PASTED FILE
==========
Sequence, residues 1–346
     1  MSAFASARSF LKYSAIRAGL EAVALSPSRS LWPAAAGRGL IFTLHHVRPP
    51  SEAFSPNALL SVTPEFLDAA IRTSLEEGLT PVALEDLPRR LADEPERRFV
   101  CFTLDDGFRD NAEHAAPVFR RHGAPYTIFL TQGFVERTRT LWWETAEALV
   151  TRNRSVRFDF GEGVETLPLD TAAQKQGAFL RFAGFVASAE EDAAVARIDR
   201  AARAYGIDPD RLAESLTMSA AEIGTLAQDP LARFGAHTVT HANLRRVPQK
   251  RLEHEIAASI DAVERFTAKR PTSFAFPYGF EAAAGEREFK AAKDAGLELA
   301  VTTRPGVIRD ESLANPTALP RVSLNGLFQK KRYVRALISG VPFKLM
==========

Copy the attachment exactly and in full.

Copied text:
Sequence, residues 1–346
     1  MSAFASARSF LKYSAIRAGL EAVALSPSRS LWPAAAGRGL IFTLHHVRPP
    51  SEAFSPNALL SVTPEFLDAA IRTSLEEGLT PVALEDLPRR LADEPERRFV
   101  CFTLDDGFRD NAEHAAPVFR RHGAPYTIFL TQGFVERTRT LWWETAEALV
   151  TRNRSVRFDF GEGVETLPLD TAAQKQGAFL RFAGFVASAE EDAAVARIDR
   201  AARAYGIDPD RLAESLTMSA AEIGTLAQDP LARFGAHTVT HANLRRVPQK
   251  RLEHEIAASI DAVERFTAKR PTSFAFPYGF EAAAGEREFK AAKDAGLELA
   301  VTTRPGVIRD ESLANPTALP RVSLNGLFQK KRYVRALISG VPFKLM